I'm glad now that I couldn't track down a paper copy of Laila Lalami's Secret Son at the local library. If I had I would never have found myself listening to the audio version while I walked the familiar route to work and back again over the past two weeks. I know (although I'm ashamed to admit it) that I wouldn't have enjoyed it as much in the more usual format. I can imagine that on paper I would have torn through it at speed, because of the clean and unadorned prose and the languid plot, and would not have taken the necessary time to get to know it. It wouldn't have buried so determinedly under my skin, and I wouldn't have felt or envisioned it half so keenly. I feel sure that I wouldn't have appreciated it for what it is either, which is a beautifully paced and thematically subtle piece of work that constantly wrongfoots your expectations and draws strength from the time it takes to tell a deceptively simple story of truth and lies. It is a lesson in why not to be a hasty reader.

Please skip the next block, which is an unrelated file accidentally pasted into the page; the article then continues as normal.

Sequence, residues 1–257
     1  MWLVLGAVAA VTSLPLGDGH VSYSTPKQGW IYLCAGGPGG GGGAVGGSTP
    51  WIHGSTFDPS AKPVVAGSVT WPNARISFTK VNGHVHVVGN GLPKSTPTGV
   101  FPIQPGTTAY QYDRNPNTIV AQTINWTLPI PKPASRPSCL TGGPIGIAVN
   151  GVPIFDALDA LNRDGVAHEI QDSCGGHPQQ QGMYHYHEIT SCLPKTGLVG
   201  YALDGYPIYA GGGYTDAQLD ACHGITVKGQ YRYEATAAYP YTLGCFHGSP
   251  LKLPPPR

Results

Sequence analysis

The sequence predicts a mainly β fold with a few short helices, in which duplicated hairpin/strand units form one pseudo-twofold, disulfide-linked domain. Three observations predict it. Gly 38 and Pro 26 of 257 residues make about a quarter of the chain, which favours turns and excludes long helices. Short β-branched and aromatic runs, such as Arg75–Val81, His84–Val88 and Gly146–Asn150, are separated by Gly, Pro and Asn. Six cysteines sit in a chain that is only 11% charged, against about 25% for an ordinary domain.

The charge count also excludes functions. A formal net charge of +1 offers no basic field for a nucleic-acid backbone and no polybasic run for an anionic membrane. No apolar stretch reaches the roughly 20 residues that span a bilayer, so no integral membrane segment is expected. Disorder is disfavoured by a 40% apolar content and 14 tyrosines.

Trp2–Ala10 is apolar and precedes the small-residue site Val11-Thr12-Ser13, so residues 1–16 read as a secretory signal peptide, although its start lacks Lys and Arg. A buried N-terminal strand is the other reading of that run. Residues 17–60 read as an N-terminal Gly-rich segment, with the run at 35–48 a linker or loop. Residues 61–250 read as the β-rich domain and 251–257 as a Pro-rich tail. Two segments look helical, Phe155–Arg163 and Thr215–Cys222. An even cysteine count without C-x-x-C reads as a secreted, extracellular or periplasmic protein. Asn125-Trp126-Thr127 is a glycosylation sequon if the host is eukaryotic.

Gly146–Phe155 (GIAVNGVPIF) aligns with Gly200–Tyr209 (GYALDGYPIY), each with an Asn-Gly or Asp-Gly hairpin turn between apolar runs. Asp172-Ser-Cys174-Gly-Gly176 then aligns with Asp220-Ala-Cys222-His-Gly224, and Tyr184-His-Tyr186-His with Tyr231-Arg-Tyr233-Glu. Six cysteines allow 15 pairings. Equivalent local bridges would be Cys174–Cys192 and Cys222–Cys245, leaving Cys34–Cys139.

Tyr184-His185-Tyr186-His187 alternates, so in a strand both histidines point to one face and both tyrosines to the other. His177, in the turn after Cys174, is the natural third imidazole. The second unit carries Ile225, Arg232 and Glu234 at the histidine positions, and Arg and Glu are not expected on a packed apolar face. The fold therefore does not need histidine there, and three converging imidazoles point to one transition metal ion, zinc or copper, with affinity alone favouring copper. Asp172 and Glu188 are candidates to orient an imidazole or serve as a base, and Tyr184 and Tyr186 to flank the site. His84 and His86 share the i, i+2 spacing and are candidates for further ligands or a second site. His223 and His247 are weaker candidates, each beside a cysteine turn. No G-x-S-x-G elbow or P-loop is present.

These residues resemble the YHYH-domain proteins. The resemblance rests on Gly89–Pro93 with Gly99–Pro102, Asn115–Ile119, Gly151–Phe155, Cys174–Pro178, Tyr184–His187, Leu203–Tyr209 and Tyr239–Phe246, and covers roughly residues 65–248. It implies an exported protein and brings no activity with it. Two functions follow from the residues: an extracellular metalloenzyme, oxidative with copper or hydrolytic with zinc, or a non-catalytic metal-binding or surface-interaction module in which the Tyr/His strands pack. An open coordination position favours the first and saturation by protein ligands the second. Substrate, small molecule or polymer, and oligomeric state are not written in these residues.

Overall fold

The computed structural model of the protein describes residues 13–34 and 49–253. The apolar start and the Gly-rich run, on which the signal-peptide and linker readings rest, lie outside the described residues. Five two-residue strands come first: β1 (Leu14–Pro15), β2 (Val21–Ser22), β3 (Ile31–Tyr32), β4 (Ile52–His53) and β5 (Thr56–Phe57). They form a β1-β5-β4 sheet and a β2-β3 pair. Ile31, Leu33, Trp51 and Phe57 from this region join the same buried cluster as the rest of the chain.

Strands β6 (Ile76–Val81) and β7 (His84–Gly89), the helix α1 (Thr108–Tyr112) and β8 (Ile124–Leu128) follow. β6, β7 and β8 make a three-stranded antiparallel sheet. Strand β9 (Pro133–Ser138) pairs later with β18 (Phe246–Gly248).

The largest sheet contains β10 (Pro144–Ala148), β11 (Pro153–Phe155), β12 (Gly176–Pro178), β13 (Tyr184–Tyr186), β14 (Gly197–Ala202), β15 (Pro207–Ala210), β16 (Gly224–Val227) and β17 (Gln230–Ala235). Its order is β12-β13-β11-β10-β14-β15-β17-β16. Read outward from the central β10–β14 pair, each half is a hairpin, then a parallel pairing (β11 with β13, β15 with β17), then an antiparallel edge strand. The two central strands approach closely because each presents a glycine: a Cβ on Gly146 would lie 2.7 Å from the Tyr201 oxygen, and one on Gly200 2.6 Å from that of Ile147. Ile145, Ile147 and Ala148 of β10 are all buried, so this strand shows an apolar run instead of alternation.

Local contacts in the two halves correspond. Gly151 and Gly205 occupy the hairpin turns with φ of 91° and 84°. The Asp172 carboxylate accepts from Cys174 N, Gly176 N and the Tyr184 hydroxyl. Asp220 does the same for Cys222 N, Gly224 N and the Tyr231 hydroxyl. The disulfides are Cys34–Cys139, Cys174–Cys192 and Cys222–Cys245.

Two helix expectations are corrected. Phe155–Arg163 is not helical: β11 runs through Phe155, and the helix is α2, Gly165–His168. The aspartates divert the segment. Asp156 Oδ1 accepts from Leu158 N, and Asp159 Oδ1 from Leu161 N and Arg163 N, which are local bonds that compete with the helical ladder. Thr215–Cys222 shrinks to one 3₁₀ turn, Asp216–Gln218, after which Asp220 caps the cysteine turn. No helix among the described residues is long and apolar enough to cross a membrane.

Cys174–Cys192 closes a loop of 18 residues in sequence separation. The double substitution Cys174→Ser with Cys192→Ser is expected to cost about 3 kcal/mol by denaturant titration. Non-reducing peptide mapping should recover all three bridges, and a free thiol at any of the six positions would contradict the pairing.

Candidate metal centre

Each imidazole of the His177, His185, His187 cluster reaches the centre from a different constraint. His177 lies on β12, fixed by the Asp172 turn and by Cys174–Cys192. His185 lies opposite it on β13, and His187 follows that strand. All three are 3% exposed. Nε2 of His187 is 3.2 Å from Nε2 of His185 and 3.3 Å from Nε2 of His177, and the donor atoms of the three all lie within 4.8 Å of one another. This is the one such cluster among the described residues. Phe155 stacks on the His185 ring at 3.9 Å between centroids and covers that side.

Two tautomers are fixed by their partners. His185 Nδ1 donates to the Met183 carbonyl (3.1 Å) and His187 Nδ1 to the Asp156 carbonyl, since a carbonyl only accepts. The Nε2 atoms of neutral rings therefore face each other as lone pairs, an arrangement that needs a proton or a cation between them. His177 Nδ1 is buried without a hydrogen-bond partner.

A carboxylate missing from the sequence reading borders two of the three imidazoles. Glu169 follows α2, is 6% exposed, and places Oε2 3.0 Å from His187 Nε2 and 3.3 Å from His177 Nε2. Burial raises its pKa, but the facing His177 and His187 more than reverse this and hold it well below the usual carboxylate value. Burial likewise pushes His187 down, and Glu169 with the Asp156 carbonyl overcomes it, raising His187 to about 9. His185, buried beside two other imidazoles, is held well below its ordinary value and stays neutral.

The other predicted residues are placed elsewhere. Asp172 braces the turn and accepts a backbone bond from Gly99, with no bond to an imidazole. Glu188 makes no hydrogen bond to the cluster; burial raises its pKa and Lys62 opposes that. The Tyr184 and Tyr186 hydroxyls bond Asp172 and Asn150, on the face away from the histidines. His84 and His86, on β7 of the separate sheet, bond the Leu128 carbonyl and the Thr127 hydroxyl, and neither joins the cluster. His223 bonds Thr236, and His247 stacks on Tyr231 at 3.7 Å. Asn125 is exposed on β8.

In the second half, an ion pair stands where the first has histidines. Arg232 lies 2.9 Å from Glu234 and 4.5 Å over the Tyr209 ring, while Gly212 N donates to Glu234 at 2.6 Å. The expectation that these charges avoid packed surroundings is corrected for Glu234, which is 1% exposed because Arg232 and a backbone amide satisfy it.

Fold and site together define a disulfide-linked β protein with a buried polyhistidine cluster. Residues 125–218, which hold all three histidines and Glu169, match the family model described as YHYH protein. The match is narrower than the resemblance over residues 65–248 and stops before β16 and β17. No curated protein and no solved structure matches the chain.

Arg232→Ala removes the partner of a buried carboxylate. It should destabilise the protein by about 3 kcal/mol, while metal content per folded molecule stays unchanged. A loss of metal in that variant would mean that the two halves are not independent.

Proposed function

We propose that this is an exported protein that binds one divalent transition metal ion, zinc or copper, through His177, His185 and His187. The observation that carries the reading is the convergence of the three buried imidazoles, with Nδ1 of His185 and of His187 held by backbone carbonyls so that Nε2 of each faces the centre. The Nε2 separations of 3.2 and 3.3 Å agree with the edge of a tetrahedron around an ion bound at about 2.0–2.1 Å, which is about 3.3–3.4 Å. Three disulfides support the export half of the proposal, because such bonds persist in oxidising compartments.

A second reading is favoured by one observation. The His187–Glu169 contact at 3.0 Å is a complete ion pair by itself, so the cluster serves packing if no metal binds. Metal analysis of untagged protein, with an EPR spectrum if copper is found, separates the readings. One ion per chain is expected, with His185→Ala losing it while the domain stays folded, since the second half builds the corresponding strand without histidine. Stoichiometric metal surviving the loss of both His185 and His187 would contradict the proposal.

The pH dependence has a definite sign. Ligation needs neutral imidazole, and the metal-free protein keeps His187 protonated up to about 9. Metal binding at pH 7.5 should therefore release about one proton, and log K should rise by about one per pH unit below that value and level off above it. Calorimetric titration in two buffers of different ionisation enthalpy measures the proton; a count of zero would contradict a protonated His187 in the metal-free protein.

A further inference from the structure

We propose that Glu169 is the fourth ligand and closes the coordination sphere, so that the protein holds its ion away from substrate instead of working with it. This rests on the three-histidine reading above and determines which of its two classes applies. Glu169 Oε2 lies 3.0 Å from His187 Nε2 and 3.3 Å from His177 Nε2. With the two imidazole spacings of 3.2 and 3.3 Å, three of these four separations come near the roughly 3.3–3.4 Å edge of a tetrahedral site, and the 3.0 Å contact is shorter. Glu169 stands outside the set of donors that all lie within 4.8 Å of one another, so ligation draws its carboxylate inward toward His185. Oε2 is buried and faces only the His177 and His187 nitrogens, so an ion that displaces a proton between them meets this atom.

Meet Yousseff El Mekki, walking down the street with his hands in his pockets, wearing the confidence of youth. He is the illegitimate son of a phenomenally successful business man, but he doesn't know it yet. At eighteen years old, he is fit, healthy and about to start a degree in English Literature at college, his future a giddy dreamscape pieced together from old American movies and teenage boast-talk. Never mind that he lives in one of the most notorious slums in Casablanca, or that his country of Morocco is full of eager young men just like him, hopelessly unemployed and scrabbling for menial jobs. Never mind that his neighbourhood has been abandoned by the state, or that his friends hang about on street corners for want of anything better to do. He doesn't have much, but he has this: he believes he knows who he is. He thinks he is the son of a hard-working widow, an orphan herself, and that his father was a schoolteacher who died when he was just a baby, in a freak accident while helping to hang fairylights on a neighbour's house. This identity gives him a place in the world, somewhere to call home. So you can imagine that when his mother confesses to him that his father is in fact still alive, and has been living in Casablanca all along, with his real wife and daughter, it as though Yousseff's anchor has been cut. Waves of anger, ennui, despair and shame combine with a fierce but directionless determination to make a place for himself.